I have a dirty confession to make. I’m sure I’m not the only one out there but seeing so much of it these days, I just felt the need to fess up.
I’m not an ad-clicker. There I said it. I never click on in-app advertisements. I find them a waste of time, rarely if ever, related to my tastes. We hear constantly how ad placement is driven by user meta data and seems to be the ‘golden chalice’ of all the big players out there. I’ve never once clicked on an online ad to buy a product.
Don’t get me wrong, I see the point but until it gets to a level where the ads are truly relevant to me then I’ll most likely never be an ad-clicker. Using my search results is rarely helpful. Google often gets the closest out of them all. I wouldn’t click on a Facebook ad if you paid me. The problem, for me anyway, is the few items I actually search out on the Web are lost in random queries I do all the time. While this might help target ads to me a tiny bit better, it’s like pouring a barrel of food on my plate and then me finding one item out of all of it that I will eat.
IMO companies are too greedy in trying to put ads in front of my eyes. The email lists, the hard sells, the device cookies, are all an attempt to get ads in front of your face. It is pointless to me because it’s just a brute force attack. The moment you click on an ad or go to a referral link, then the real bombardment begins. If you aren’t using a disposable email, you’re in for a real treat. hehehe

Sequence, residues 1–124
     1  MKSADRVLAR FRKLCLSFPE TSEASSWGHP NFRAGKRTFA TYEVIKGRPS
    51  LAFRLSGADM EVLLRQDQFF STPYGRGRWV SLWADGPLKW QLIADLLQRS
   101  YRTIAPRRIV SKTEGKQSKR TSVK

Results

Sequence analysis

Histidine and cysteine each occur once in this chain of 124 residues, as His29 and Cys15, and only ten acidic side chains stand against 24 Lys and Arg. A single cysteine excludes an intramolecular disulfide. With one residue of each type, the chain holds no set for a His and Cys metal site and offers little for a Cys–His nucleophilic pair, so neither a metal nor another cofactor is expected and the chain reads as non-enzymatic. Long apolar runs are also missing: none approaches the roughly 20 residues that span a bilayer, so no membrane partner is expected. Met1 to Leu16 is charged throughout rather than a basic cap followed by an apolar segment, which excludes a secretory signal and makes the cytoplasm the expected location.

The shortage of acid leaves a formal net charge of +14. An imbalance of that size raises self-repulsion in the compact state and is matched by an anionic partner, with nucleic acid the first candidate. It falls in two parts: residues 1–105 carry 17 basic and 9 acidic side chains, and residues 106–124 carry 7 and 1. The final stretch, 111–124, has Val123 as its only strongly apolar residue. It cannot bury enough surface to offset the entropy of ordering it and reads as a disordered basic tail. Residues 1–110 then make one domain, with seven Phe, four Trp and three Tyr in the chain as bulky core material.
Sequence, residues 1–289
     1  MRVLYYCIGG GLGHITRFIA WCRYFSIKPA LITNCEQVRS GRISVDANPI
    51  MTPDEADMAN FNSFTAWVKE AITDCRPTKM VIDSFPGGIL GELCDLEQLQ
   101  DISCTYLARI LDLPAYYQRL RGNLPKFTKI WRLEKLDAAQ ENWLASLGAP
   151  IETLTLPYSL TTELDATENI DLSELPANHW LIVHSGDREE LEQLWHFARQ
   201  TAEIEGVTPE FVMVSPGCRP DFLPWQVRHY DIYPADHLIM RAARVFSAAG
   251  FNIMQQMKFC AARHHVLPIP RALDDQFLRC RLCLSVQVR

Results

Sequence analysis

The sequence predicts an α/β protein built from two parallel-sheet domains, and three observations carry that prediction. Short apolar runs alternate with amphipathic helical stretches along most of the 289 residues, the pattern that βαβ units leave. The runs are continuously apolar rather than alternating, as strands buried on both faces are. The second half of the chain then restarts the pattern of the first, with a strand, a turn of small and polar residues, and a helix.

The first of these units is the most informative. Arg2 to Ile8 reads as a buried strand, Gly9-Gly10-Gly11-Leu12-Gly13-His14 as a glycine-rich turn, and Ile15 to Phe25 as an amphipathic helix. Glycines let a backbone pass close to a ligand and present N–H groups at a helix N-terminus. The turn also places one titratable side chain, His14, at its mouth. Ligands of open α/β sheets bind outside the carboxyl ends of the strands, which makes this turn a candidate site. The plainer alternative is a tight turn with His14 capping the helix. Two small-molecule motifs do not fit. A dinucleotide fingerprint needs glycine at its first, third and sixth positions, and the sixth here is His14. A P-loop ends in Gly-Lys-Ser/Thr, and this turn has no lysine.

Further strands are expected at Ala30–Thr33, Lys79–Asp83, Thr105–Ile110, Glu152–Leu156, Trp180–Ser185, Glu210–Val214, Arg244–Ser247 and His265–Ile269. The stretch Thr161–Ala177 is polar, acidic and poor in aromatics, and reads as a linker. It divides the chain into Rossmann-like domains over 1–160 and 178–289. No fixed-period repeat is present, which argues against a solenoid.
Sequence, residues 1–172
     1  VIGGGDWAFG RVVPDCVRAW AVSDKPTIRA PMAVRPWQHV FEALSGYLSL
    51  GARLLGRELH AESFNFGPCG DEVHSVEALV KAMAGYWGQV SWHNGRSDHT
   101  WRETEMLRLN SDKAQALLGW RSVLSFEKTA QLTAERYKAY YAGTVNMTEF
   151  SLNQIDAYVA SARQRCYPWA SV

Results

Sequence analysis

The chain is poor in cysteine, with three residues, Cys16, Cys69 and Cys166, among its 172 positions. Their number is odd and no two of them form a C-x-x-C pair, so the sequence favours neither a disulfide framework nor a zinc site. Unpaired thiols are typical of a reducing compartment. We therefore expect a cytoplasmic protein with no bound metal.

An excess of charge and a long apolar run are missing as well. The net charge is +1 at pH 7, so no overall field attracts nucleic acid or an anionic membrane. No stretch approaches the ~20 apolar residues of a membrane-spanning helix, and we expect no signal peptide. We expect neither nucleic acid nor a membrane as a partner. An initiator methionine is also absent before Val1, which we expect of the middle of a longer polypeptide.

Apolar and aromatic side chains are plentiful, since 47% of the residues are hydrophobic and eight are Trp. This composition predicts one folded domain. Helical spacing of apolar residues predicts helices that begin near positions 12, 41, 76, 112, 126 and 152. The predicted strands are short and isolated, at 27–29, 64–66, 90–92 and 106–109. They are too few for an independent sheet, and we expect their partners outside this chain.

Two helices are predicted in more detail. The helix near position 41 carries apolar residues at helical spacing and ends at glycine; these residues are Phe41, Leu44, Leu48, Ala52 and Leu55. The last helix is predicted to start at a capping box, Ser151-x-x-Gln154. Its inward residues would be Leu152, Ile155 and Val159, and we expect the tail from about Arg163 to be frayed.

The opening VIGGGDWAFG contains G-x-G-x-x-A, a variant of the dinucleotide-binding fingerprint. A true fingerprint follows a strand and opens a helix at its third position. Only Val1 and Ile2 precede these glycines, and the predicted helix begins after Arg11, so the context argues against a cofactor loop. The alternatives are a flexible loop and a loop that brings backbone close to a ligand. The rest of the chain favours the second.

Some developers make their living off the ads they push into apps to keep them free. I get it. And for some apps, it’s the only way to go. But for more popular or heavily integrated apps, not having a paid, ad-free version is a deterrent, at least for me.
I don’t mind having sites or companies track my habits, likes, dislikes, etc. Tracking my habits w/o trying to tie it specifically to me as a person is the way to go if you want me to click. IMO this is why Google will continue to dominate the ad market. They are pushing heavy into this and less on specifically targeting you vs your online presence. If companies really want to find the ‘sweet spot’, they need to continue tweaking their ability to be very specific without constantly trying to bombard me with any and every ad possible. Then, and only then, will I ever consider clicking on ads.
Stepping away from the very serious previous post, I’m ranting on something much less intense today.
I was chatting with a coworker the other day and we got to talking about being irreplaceable in a work environment. I learned the fallacy of being truly irreplaceable many many years ago. In a previous job, I literally was the only person who could do my job. If I wasn’t there and the shit hit the fan, I got the call to come fix it. It made vacations, time off, sick days, etc very rough. At the time, I didn’t have a realistic view of my skill sets. I didn’t have much education and considered myself unskilled. I didn’t realize the potential and talent of my raw skills. I worried I’d be replaced by someone smarter. It wasn’t until I started realizing how good I was at certain things that I began to question my need to be irreplaceable.